3.4. Distribution-oriented approach

In a distribution-oriented approach, a contingency table is regarded as a joint probability distribution for a pair of forecasts and observations, which is derived by dividing the elements of the contingency table by the total number of elements. The joint probability distribution is related to the attribute of the association between forecasts and observations.

A joint probability distribution can be factorized into a marginal distribution and a conditional probability distribution. There are two types of factorization in the forecast verification framework (Murphy & Winkler 1987). One is a calibration-refinement factorization and the other is a likelihood-base rate factorization. In the calibration-refinement factorization, the joint probability is factorized into the marginal probability of the forecasts and the conditional probability of the observations given the forecasts: p(fo) = p(o|f) · p(f). In the likelihood-base rate factorization, the joint probability is factorized into the marginal probability of the observations and the conditional probability of the forecasts given the observations: p(fo) = p(f|o) · p(o). The p(o|f) and p(f|o) are called the calibration distribution and likelihood distribution, respectively. The calibration distribution is related to attributes of reliability and resolution, whereas the likelihood distribution is related to the attribute of discrimination. Marginal distributions are related to the attribute of bias. Details of the distribution-oriented approach can be found in Murphy & Winkler (1987).

4. RWCJ forecast verification

4.1. Verification of overall data

In this section, we describe the results of the verification of the RWCJ forecast using data accumulated over 16 years. As mentioned in Section 3.1, a multi-categorical forecast can be collapsed to a dichotomous forecast by setting a specific threshold when the conventional scalar verification measures are calculated. In this study, we deal with the M- and X-thresholds defined in Section 3.1. Table 4 summarizes the estimated scalar verification measures with a 95% confidence interval for the M- and X-thresholds.

Table 4.

Estimated scores of verification measures for events defined as larger than or equal to the M- and X-class flares.

The scores of FB are almost unbiased in the M-threshold, meaning that the number of forecasted events is almost the same as the number of observed events. On the other hand, events are underforecasted in the X-threshold.

The accuracy of the RWCJ forecast seems to be extremely high and the X-threshold seems to be more accurate than the M-threshold according to the scores of PC. According to the numbers of hits and correct rejections in Table 4, most of the correct forecasts are forecasts of null events, and the null events can be forecasted easily when the event is quite rare. This is why the scores of PC are extremely high, especially for the X-threshold. On the other hand, the X-threshold is less accurate than the M-threshold in terms of the scores of CSI. As described in Appendix 1, the correct rejections are not taken into consideration when calculating the CSI. This is why the scores of CSI show the opposite trend to those of PC. When the correct forecasts of null events do not have an essential meaning, the CSI becomes a good measure of accuracy although an intuitive meaning of the measure is somewhat ambiguous.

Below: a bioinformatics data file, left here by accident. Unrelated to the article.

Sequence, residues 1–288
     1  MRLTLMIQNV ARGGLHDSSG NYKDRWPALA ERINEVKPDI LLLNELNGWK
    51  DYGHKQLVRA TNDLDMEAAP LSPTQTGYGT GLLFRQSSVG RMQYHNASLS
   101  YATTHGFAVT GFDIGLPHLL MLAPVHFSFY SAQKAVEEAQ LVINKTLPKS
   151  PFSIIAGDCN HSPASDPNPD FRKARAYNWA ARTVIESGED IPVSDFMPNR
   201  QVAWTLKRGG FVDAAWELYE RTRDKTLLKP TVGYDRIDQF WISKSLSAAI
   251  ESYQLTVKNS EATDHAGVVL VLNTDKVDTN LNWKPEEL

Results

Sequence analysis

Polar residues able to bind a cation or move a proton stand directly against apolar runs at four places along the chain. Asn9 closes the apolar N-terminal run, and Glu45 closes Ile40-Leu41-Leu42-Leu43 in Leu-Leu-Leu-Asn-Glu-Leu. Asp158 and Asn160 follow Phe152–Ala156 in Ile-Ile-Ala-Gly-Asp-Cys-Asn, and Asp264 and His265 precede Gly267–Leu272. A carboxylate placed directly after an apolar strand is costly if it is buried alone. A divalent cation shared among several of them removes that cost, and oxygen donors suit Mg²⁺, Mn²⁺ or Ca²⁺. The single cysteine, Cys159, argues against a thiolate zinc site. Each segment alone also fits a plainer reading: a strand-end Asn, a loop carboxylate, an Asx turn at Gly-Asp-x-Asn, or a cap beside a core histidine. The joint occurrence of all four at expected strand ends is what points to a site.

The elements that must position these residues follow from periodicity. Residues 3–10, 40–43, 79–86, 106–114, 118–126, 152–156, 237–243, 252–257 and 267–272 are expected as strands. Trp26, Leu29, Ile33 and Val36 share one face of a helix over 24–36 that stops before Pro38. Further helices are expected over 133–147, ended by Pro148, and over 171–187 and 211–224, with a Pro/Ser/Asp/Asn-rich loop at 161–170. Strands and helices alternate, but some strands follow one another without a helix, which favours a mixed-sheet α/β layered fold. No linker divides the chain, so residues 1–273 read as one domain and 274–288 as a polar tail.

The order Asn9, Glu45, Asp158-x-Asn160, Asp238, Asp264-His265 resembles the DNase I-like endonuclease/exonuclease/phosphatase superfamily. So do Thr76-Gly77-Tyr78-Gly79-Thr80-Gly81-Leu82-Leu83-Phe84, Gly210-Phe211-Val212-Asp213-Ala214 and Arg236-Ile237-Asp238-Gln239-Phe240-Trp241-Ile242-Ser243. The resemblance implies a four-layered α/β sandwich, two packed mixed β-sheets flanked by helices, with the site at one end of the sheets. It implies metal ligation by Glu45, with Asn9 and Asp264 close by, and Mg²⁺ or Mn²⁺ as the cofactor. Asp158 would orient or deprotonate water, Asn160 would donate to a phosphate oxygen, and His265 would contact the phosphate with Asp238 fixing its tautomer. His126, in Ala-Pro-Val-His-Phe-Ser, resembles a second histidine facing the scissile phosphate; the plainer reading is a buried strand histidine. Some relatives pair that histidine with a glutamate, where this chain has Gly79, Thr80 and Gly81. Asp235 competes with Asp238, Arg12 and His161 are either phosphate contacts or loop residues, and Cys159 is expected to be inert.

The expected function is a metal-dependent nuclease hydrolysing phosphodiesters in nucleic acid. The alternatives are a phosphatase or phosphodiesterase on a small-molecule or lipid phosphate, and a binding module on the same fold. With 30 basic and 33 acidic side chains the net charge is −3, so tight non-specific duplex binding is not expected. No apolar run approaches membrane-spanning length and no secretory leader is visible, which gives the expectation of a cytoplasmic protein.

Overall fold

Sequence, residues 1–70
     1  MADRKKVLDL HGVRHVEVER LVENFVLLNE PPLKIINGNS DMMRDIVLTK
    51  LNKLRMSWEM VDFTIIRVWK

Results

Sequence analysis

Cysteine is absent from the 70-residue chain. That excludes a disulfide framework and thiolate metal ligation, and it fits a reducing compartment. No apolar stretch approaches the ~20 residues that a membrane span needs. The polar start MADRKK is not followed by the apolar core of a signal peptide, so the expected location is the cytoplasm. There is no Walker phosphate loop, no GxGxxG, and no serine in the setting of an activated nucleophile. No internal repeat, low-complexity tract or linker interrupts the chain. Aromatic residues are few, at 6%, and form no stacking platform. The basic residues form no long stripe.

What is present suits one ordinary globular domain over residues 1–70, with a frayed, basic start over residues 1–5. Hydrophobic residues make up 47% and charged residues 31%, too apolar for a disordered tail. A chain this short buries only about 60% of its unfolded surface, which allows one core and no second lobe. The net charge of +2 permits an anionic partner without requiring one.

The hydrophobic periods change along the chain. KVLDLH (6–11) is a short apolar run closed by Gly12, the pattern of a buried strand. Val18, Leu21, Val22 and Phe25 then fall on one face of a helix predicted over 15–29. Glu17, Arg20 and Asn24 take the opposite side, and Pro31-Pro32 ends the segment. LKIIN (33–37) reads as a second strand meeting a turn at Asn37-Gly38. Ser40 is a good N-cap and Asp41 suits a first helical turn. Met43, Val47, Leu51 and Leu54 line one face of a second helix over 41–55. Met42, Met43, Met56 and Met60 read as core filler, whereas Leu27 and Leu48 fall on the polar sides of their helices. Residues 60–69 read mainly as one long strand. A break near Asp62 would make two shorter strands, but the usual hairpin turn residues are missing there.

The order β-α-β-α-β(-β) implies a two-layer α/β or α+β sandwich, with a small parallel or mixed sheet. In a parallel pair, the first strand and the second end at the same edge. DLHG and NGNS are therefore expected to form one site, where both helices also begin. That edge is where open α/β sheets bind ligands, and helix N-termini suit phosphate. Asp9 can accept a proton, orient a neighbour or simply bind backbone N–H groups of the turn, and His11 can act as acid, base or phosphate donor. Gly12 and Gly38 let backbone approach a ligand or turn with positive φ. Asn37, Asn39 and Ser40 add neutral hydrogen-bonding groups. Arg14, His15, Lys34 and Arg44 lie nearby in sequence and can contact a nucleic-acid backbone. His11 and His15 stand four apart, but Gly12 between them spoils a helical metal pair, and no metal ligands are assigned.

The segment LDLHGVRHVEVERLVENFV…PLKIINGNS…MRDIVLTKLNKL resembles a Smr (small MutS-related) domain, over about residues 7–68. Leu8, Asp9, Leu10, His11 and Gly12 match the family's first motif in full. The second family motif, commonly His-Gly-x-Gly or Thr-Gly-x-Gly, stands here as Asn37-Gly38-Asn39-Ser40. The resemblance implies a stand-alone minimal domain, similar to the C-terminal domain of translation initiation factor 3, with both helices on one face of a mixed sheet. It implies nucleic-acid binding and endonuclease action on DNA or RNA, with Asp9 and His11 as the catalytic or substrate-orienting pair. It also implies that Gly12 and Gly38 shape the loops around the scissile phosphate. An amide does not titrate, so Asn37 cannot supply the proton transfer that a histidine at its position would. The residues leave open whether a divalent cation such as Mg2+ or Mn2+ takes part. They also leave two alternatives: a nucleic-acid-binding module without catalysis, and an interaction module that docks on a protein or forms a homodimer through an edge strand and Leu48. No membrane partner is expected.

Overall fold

The POD and POFD are the verification measures of discrimination, which is related to the likelihood distribution of the dichotomous contingency table. The discrimination means the ability of a forecast system to discriminate whether an event would occur under a condition of realized events. The scores of POD and POFD for the M- and X-thresholds are shown in Table 4. The POD for the M-threshold is reasonably good, meaning that the RWCJ forecast can discriminate the occurrence of below M-class flares and M- or X-class flares. On the other hand, the POD for the X-threshold is small, meaning that the RWCJ forecast cannot effectively discriminate the occurrence of below X-class and X-class flares. Because the POFD is a negative orientation measure, a small POFD means better performance. From the scores of POFD, it appears that the X-threshold has a better performance than the M-threshold. However, this is an invalid conclusion because the rarer the event, the larger the number of null events and the smaller the POFD. This means that the POFD approaches zero regardless of the discrimination performance when the event frequency approaches zero.